The world is indeed full of alien species, and many of them are creeping beneath the deep blue ocean.
For the first time in history of mankind, the elusive ghost shark was captured on film.
Time reported that the film was taken by marine biologists from Monterey Bay Aquarium Research Institute (MBARI) in California when they were conducting deep-water geology surveys with the aid of a remote-controlled submersible.
According to Fox News, the clip was taken on 2009 in the Pacific Ocean between California and Hawaii. It took them while to confirm its identity.
Science Alert reported that the deep-sea creature, which was sotted swimming at more than 6,700 ft. (2,000 m) deep, was identified as Hydrolagus cf. trolli -- known commonly as the pointy-nosed blue chimaera. "Cf." -- indicates that while its physical characteristics closely match the official species description for Hydrolagus trolli, there is no DNA evidence to prove it.
The scientists say that what they have captured could be an entirely new ghost shark species as it did not resemble any known ghost shark species.
However, this cannot be confirmed unless the scientists can perform DNA analysis on its tissue. Bringing the chimaera on the surface to take samples would be hard as it is a very agile swimmer.
The discovery also marks the first time that the creature has been seen anywhere in the Northern Hemisphere as it was previously thought that they only thrive in the waters around Australia, New Zealand, and New Caledonia. This only proves that the creature can really get around.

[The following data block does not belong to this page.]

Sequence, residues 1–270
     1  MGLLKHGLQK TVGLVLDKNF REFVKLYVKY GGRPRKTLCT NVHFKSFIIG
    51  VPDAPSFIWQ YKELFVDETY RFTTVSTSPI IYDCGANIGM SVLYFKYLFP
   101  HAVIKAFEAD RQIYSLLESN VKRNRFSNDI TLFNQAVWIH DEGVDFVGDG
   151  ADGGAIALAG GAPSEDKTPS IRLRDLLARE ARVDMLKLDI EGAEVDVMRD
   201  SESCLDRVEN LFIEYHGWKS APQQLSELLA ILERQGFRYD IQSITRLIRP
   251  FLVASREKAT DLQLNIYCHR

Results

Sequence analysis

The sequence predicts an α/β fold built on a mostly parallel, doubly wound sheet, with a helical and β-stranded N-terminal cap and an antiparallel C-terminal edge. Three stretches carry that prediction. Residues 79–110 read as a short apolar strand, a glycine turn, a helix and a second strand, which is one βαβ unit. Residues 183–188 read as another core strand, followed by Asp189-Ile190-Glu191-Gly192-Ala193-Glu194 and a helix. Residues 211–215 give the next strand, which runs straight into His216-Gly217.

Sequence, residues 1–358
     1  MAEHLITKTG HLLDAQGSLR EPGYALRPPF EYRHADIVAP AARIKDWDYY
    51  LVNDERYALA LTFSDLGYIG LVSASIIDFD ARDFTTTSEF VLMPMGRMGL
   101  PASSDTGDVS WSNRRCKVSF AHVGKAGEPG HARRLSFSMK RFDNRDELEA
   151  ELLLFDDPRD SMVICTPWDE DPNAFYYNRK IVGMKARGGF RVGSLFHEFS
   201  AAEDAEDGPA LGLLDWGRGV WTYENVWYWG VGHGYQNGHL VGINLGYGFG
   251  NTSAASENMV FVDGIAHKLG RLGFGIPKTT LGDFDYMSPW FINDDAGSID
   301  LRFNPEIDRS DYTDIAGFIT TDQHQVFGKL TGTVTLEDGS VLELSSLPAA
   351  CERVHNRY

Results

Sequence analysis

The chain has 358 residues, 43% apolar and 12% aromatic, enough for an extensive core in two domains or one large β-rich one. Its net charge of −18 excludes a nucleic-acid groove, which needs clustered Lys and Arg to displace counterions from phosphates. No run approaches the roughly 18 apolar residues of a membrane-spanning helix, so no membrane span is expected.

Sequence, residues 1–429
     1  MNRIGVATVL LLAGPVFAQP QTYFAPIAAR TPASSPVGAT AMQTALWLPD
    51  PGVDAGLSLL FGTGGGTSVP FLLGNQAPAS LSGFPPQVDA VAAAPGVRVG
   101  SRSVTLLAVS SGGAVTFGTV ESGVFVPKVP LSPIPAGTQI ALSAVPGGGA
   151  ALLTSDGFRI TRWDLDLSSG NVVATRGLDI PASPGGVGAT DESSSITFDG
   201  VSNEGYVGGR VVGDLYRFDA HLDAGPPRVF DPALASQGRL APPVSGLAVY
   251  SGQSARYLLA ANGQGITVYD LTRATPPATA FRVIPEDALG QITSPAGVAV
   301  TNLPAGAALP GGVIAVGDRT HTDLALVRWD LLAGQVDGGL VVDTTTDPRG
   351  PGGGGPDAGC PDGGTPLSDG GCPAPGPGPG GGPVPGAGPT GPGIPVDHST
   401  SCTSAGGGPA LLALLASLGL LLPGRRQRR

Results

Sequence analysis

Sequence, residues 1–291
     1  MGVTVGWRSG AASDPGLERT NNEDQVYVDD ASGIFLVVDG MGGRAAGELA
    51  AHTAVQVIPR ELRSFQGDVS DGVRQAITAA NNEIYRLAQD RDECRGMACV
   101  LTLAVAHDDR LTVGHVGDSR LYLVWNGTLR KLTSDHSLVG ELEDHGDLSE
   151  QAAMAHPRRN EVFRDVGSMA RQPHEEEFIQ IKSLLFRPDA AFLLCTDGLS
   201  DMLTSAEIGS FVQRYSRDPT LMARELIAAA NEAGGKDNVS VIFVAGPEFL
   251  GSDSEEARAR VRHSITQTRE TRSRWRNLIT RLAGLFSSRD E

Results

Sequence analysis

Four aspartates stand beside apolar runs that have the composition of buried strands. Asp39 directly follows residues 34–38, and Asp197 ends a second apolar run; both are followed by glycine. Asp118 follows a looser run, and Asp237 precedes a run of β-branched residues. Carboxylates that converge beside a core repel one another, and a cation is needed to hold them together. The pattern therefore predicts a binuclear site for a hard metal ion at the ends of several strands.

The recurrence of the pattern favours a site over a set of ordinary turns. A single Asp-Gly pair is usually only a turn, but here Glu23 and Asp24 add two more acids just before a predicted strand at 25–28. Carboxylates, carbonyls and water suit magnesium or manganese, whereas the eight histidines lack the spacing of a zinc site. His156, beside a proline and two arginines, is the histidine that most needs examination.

As per National Geographic, ghost shark is also known as chimaera. They are relatives of sharks and rays, and they have been swimming in the deep ocean since 300 million years ago, long before the dinosaurs existed. They were first named in 2002.
"Chimaeras are unusual fishes. Like sharks, their bodies are not stiffened by bones, but by plates and bone-like bits of cartilage. Like the chimaera from Greek mythology, which had a goat's head, a serpent's tail, and a lion's head, chimaeras are pretty weird looking," said MBARI public information specialist Kim Fulton-Bennett in a statement.
All findings were published in a recent paper in Marine Biodiversity Records.
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